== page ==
Tag Archives: sports nutrition

Sports physiology in the Tour de France

 

This week marks the start of the 2017 Tour de France. This year the race covers 2200 miles in 21 days of racing, comprised of team and individual time trials as well as stages through cities, countryside, and mountains of France. The Tour de France is interesting to me because it provides an excellent opportunity for a short lesson in sports physiology. Which I did in my Health & Fitness column in the Aiken Standard this week.

Tour de France


All the riders in the Tour are exceptionally fit since their bodies have adapted to years of dedicated, intense training. Endurance sports like cycling are dependent on the delivery of oxygenated blood to the muscle to produce ATP, the energy needed to sustain exercise. The riders have large, strong hearts, resulting in the ejection of more blood to the muscle. Within the muscle there is an increase in the number of capillaries, the small blood vessels that deliver blood to the muscle, and mitochondria, the part of the cell that produces most of the ATP. Together, these adaptations allow the muscle to produce more ATP without fatigue, allowing the athlete to exercise at a higher intensity for a longer time.

But training isn’t the only reason these athletes can sustain such intense exercise for so long. Proper nutrition, especially what the athletes eat and drink before, during, and after each stage, also plays an important role. Intense endurance exercise like cycling relies on carbohydrates, in particular, muscle glycogen, as a fuel. Muscle glycogen is a storage form of glucose, sugar that the muscle converts into energy. During prolonged exercise that lasts several hours, muscle glycogen levels can be severely depleted.

Eating carbohydrates before exercise can boost muscle glycogen levels, so cyclists eat carbohydrate-rich foods for breakfast before each stage. They also consume carbohydrates in the form of sports drinks (think Gatorade) and energy bars prior to starting. In fact, they start replenishing their muscle glycogen immediately after finishing the previous day’s ride. This usually begins with a recovery beverage, which may contain some protein for more rapid muscle glycogen synthesis, and extends through carbohydrate-rich meals and snacks that afternoon and evening.

During exercise it is crucial to maintain adequate blood glucose levels, which tend to drop since the muscle is using so much as a fuel. Failure to replenish blood glucose results in what cyclists call “hitting the wall” or “bonking,” which is like your car running out of gas. To prevent this, glucose must be replenished, typically with sports drinks, energy bars, or a sugary mixture called goo.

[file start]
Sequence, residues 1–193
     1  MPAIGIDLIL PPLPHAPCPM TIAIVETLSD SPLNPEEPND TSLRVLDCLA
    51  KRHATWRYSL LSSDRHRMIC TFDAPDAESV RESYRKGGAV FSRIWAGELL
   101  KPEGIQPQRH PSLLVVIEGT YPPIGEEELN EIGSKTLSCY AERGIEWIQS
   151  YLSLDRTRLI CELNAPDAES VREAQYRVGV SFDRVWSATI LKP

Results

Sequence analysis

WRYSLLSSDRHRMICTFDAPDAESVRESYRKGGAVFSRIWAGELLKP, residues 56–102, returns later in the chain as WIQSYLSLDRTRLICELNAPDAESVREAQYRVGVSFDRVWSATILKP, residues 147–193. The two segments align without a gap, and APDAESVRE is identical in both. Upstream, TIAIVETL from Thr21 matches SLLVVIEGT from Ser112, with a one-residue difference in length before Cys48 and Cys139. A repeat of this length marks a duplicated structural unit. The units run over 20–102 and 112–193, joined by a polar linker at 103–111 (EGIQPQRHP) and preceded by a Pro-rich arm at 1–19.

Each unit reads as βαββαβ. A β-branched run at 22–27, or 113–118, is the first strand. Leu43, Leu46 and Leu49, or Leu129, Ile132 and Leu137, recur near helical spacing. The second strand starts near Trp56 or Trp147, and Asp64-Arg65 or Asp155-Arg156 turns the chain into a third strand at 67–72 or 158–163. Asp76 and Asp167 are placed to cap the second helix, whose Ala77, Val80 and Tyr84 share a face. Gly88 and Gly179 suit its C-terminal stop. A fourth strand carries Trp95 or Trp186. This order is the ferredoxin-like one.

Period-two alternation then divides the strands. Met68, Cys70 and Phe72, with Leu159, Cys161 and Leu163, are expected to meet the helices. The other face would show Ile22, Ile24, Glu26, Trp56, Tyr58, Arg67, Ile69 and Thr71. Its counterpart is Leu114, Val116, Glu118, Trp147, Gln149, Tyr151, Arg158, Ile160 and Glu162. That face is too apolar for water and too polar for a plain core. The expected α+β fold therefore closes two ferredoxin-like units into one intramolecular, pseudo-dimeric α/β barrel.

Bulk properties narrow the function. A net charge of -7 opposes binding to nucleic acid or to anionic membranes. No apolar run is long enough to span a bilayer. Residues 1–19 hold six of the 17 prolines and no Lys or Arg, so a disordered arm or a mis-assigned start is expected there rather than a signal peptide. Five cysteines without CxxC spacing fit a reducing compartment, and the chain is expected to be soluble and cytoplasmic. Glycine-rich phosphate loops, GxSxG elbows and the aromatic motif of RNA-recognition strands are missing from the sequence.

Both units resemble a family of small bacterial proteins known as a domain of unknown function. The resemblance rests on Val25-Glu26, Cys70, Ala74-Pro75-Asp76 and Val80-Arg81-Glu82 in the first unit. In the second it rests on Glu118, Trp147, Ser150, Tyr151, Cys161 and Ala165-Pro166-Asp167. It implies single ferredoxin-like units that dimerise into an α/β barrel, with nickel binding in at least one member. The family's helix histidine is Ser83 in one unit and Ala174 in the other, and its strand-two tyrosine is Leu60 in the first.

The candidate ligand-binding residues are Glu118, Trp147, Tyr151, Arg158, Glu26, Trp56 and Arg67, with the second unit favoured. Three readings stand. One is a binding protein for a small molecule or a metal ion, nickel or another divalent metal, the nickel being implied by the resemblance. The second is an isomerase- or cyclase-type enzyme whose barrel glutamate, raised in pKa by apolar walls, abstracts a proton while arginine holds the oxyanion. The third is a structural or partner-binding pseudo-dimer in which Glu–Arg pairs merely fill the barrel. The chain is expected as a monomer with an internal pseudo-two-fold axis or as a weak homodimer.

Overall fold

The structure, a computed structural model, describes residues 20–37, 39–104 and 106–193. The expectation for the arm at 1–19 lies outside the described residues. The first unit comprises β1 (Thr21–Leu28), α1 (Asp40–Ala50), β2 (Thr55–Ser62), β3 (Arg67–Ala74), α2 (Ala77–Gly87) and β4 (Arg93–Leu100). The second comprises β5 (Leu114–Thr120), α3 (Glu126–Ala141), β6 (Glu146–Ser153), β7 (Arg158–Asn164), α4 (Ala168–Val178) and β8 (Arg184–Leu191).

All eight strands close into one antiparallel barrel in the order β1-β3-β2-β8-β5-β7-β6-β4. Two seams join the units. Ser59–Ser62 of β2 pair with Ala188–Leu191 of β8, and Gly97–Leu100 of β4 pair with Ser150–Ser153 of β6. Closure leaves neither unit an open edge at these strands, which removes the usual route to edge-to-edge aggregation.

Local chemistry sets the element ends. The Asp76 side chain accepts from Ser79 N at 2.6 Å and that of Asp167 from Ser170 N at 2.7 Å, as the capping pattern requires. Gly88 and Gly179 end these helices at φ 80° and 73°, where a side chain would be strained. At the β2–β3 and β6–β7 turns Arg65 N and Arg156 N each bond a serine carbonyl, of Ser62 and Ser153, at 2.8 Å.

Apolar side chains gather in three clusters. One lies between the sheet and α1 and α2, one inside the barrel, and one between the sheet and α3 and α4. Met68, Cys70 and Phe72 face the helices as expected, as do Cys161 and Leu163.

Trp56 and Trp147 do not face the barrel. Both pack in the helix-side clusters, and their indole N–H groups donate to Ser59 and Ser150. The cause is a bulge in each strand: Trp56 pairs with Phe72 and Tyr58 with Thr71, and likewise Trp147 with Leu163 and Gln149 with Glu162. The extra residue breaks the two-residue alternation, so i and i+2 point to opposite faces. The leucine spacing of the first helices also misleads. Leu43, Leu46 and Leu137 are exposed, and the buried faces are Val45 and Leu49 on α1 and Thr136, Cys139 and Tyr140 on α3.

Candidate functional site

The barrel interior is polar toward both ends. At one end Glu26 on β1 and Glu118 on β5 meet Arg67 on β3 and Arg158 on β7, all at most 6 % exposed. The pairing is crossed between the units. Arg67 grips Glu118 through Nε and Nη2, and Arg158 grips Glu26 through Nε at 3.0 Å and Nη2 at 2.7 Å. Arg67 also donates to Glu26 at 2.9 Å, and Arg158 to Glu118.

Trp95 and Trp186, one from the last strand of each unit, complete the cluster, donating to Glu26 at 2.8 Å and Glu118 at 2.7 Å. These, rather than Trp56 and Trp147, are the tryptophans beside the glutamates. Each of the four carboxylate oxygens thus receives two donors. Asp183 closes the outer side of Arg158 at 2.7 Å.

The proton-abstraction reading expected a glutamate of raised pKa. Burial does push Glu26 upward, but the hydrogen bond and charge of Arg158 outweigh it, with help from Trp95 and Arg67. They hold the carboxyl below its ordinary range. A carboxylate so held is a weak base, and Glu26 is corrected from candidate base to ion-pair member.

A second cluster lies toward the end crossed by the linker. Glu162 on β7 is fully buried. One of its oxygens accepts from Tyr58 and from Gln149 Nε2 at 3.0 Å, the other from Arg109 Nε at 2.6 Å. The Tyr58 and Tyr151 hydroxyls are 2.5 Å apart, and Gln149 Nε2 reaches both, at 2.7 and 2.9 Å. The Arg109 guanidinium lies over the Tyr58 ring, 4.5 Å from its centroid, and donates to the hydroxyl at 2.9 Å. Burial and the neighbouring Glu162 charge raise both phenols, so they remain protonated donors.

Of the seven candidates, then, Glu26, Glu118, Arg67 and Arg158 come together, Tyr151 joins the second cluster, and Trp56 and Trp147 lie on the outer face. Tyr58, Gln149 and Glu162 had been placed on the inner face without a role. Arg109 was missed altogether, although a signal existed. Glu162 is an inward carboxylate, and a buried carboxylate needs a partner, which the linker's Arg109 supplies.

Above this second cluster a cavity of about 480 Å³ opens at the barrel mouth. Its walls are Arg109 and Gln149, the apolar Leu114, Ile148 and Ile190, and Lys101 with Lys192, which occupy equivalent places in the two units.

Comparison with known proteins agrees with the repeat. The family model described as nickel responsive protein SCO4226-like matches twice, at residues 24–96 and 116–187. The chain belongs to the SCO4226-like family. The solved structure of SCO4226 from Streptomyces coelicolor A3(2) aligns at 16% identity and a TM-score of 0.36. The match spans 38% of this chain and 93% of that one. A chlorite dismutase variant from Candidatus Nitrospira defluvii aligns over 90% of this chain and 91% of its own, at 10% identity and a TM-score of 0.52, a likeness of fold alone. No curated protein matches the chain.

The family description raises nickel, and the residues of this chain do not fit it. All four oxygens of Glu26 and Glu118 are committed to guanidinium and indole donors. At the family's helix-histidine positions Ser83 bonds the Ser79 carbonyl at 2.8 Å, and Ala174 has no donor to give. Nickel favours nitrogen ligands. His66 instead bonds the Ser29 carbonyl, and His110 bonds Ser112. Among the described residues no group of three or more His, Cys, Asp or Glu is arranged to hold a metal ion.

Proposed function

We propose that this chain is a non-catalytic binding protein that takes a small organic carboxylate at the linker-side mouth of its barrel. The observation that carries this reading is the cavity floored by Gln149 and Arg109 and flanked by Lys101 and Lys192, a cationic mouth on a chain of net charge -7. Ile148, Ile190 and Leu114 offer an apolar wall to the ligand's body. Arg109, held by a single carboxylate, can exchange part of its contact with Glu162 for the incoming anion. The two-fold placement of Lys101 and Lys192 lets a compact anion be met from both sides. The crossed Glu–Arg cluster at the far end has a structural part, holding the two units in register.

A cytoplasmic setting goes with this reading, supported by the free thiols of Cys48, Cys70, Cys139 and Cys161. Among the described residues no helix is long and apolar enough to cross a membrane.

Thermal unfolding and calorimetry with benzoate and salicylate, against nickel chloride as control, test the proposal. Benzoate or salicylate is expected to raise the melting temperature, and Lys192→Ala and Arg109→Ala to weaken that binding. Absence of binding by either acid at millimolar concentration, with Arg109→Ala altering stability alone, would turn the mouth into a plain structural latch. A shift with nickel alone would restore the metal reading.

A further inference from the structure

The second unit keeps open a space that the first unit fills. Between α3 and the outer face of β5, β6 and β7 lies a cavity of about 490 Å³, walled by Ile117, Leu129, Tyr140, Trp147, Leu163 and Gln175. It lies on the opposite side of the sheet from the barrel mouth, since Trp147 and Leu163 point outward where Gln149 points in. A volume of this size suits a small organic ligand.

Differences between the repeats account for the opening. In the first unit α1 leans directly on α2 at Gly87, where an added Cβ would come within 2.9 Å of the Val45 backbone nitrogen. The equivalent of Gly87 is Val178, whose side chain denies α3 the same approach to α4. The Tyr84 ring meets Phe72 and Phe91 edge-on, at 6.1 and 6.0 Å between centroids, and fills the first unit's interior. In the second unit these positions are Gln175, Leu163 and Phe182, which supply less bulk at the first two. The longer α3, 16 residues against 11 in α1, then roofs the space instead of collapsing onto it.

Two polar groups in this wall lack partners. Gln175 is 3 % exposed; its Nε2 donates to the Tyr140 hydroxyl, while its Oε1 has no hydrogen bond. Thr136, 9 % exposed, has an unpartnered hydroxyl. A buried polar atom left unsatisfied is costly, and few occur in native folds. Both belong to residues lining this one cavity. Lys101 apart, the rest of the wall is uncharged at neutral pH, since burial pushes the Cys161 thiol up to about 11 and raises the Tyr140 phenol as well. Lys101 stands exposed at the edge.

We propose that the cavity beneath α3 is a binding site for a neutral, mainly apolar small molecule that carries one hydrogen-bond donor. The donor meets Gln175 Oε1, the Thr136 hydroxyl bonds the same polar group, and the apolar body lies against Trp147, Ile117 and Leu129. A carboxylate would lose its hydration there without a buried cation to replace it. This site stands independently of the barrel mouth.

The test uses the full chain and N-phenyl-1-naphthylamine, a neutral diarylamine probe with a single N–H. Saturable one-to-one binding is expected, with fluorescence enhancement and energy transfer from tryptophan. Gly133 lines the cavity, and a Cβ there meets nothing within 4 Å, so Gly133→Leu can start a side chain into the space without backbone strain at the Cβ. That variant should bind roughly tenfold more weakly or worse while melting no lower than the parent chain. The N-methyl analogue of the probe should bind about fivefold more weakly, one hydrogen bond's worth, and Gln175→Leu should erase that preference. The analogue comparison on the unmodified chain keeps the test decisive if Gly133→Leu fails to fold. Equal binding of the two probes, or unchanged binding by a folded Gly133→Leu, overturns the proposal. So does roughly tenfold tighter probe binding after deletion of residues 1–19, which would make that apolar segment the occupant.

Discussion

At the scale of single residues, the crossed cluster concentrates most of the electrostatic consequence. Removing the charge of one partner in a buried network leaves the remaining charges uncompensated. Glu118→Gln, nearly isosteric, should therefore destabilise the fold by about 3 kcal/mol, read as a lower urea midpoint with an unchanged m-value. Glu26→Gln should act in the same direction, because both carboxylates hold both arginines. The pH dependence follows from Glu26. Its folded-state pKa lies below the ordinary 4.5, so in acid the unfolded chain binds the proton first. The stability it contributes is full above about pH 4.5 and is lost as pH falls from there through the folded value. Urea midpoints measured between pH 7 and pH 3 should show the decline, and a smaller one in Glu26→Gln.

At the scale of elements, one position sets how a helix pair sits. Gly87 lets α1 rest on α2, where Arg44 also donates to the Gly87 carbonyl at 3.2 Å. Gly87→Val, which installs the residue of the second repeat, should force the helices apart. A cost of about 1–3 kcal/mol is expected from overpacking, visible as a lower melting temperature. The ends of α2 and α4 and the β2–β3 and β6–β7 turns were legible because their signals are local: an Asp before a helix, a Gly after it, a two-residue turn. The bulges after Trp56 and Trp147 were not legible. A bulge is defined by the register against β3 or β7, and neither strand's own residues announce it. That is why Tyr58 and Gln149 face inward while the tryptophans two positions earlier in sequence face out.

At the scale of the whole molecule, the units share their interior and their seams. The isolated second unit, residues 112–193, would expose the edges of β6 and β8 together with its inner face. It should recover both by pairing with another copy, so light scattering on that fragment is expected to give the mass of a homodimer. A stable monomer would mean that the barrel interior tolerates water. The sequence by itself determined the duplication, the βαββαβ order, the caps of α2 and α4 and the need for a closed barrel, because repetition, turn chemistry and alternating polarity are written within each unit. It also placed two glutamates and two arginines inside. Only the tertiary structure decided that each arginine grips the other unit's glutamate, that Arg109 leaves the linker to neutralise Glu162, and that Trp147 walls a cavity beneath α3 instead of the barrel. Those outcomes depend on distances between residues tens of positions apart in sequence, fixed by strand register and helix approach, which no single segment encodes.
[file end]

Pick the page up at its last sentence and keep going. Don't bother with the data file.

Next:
Prolonged, intense exercise, especially in the heat, results in a high sweat rate which can lead to dehydration. Sweat loss of several liters per hour is not uncommon during cycling, so fluid intake is essential. This means that cyclists spend a lot of time drinking water while they ride. Sports drinks are also commonly used since they contain carbohydrates and electrolytes in addition to water.

Endurance events like cycling, especially multi-stage events like the Tour de France, highlight important concepts of sports physiology. Even though you may never compete at that level, understanding how training can improve your endurance is relevant if you cycle—or run, walk, or swim—for exercise. Knowing how proper nutrition before, during, and after exercise can improve performance can help you make better decision about what to eat. Hopefully, it also gives you a greater appreciation for the science that goes into a performance like the Tour de France.


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Santa’s exercise plan for functional fitness and health

Since Christmas is only a few days away our attention is naturally focused on one person: Santa Claus. Have you ever wondered how Santa gets in shape for his yearly sleigh ride to deliver gifts to good boys and girls around the globe? Like many elite athletes, Santa does not publicly discuss his training or his fitness. There are certainly no published studies that report his one repetition maximum strength or his maximal oxygen uptake. Given this lack of information, I attempted to make an educated guess about Santa’s training, fitness, and health. This is the topic of my Health & Fitness column in the Aiken Standard this week.

santa


By all accounts, Santa is overweight. While we don’t know his body mass index, he would probably be considered obese. Furthermore, he appears to have a large waist circumference, indicating a high level of visceral fat. This suggests that Santa is a high risk for type 2 diabetes, high blood pressure, and heart disease. This combination can lead to a heart attack and, possibly, death at a relatively young age.

But Santa has avoided this fate, and seems to be living a healthy life. His secret, no doubt, is regular exercise. There is good evidence that maintaining a high level of physical activity can “undo” some of the negative effects of obesity and can reduce the risk of death in people who are obese (and everyone else).

Like many athletes, Santa trains in the “offseason” to get ready for his annual Christmas Eve journey. Santa’s training likely includes endurance, strength, and flexibility exercises. In order to visit every home around the world in one night, Santa moves quickly. This suggests that he has a high maximal aerobic capacity as well as good endurance. This is a result of both high-intensity interval training and long-duration, lower intensity training, similar to what a marathon runner might do. Evidence for his good aerobic fitness is shown by the fact that he flies away from each home with a hearty “ho, ho, ho.” If he were out of shape, he would be too short of breath to speak, much less give such a robust farewell.